Wednesday, March 19, 2014

I Wear the Black Hat: Grappling with Villains (Real and Imagined)

I Wear the Black Hat
by Chuck Klosterman
Publisher: Scribner, July 2013

ISBN-10: 1439184496 
ISBN-13: 978-1439184493

Available at Amazon 

What is it about our fascination with characters that, by any normal standard, would not be welcome into our lives, and the way they keep us riveted to our chairs watching them on media programs or reading them in books? People talk about the worst of them and try to understand them long after they are gone (like Hitler), are alternately horrified and amused by the bad boys and their antics (like Charlie Sheen or Alec Baldwin), and keep bringing murderers back to life over and over again (Hannibal Lector is reappearing in cable, and Norman of Psycho fame is back again). Really? Are they role models? Does it somehow help us? Are we drawn to evil? Is it the dark side of human nature that we can't get rid of?

Chuck Klostermann has taken on the task of sorting this out. While he's not sure he's got the answers, he's certainly taking a close look at the phenomenon. "I Wear the Black Hat" takes note of our penchant for paying more attention to the bad guys than the heroes (who can be unutterably simple and boring), and our tendency, over time, to remember the bad guys more clearly because they are a puzzle. Do they choose to be bad or is the choice made for them by outside forces? Do the cartoon-ish villains in old melodramas tying maids to the railroad tracks have anything in common with the author of "The Prince," Niccolo Macchiavelli? Which is worse, a villain-on-purpose, or one that can't help himself?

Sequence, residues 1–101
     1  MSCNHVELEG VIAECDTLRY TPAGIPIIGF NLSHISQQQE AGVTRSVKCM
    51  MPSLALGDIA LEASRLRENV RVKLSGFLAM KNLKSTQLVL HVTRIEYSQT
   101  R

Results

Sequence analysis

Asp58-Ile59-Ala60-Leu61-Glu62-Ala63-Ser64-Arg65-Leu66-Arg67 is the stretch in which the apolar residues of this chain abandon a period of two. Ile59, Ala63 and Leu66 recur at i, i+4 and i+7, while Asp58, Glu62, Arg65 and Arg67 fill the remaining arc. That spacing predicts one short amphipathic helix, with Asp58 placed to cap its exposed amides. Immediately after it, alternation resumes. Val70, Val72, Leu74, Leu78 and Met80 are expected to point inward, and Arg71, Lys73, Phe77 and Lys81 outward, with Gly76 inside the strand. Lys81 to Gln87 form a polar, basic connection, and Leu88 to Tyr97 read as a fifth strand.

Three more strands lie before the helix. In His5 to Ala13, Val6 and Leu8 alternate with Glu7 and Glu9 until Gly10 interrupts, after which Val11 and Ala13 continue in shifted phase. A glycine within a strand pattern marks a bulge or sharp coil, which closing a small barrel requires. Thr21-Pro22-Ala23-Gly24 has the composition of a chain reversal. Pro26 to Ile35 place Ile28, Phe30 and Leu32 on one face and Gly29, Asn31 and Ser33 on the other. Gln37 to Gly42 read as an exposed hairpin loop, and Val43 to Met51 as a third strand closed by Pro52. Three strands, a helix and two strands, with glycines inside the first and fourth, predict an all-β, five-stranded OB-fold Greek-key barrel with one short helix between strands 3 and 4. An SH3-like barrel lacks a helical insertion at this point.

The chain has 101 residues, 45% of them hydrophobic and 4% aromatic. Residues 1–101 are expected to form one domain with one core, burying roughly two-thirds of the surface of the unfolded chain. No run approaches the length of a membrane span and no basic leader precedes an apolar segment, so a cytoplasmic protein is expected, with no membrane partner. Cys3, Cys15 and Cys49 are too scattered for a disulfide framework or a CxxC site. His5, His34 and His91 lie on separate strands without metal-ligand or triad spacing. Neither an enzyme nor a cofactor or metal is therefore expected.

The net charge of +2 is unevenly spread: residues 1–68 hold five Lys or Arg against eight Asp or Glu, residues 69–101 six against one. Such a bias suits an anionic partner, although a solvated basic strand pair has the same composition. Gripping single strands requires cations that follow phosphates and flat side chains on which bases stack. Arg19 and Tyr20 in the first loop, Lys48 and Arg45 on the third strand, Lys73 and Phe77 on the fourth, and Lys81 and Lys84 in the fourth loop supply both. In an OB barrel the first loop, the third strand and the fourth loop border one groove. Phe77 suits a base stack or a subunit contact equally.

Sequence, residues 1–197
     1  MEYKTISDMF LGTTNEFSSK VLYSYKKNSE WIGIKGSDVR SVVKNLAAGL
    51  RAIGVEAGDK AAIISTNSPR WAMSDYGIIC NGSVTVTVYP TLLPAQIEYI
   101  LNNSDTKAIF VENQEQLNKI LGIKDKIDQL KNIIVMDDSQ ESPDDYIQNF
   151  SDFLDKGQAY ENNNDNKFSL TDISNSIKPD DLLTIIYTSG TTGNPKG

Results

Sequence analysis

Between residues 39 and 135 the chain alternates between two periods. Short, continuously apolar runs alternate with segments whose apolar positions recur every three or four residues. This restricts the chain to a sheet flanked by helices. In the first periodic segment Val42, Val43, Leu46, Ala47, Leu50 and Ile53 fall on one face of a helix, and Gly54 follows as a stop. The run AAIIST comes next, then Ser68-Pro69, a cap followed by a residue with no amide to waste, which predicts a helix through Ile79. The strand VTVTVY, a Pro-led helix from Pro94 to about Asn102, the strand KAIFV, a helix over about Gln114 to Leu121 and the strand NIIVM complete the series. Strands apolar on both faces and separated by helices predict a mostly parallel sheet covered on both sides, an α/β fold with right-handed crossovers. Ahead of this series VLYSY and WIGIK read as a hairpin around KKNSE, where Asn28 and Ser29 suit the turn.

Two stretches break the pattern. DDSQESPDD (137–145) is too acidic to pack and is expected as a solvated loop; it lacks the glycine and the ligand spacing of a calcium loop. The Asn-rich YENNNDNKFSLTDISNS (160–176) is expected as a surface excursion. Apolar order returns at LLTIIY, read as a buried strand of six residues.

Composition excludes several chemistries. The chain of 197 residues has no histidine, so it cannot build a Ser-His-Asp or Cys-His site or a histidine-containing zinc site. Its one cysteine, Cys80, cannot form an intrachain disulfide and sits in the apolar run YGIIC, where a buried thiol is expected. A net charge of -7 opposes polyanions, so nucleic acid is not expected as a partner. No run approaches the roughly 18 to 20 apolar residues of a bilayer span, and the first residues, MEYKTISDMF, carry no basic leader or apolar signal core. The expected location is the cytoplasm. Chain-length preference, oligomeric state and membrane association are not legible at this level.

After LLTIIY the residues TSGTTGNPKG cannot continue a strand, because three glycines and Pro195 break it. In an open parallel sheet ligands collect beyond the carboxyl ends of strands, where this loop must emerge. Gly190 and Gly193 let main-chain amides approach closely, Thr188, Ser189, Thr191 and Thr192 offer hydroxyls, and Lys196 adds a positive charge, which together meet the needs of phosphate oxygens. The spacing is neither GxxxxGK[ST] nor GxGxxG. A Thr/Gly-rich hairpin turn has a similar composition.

To be sure, these questions have been asked in one form or another for centuries, but in taking on this subject, Klostermann brings up a mirror to our own values and viewpoints, and shows us that they truly conflict with our actions (the bigger the villain, the better the movie sells). What to do about that is unclear, but seeing is one of those interesting things...once you see the patterns, they are hard if not impossible to un-see. Where the reader takes it from at that point is his or her responsibility.

Elements of villainy in our everyday lives are brought out, from football (the Sandusky fiasco and the Raiders' obsession with being seen as evildoers) to politics (was Bush more evil or Cheney?) to music (is group popularity fueled by fandom or revulsion? Does it have to be dark to sell?) to hijackers (why does everyone still obsess about D. B. Cooper?).

There are a couple of places where Klostermann tends to meander a bit (areas where he has his own obsessions, football and music, perhaps) and that slows down the pace of the book, but all in all it's an interesting look at old discussions of good and evil through the lens of pop culture, where drug dealers and terrorists and mafiosos are constantly appearing and re-appearing on demand. Although we know in our heart of hearts, they are evil, we somehow can't stop watching and listening to them, and Klostermann makes us face the question, "what does that say about us?"

For myself, I'll be noticing my reactions to the bad guys after reading this book, and probably feeling a bit sorry for the good guys -- they never get a break -- even when they win, they are quickly forgotten) but it sure makes one think about our culture, and the gap between how we see ourselves, and the things we find compellingly fascinating. I'd also recommend this book to anyone who wants to write, because if the villains are really what captivates, it's a primer for learning how to create better villains, guilty as it makes me feel to say that.

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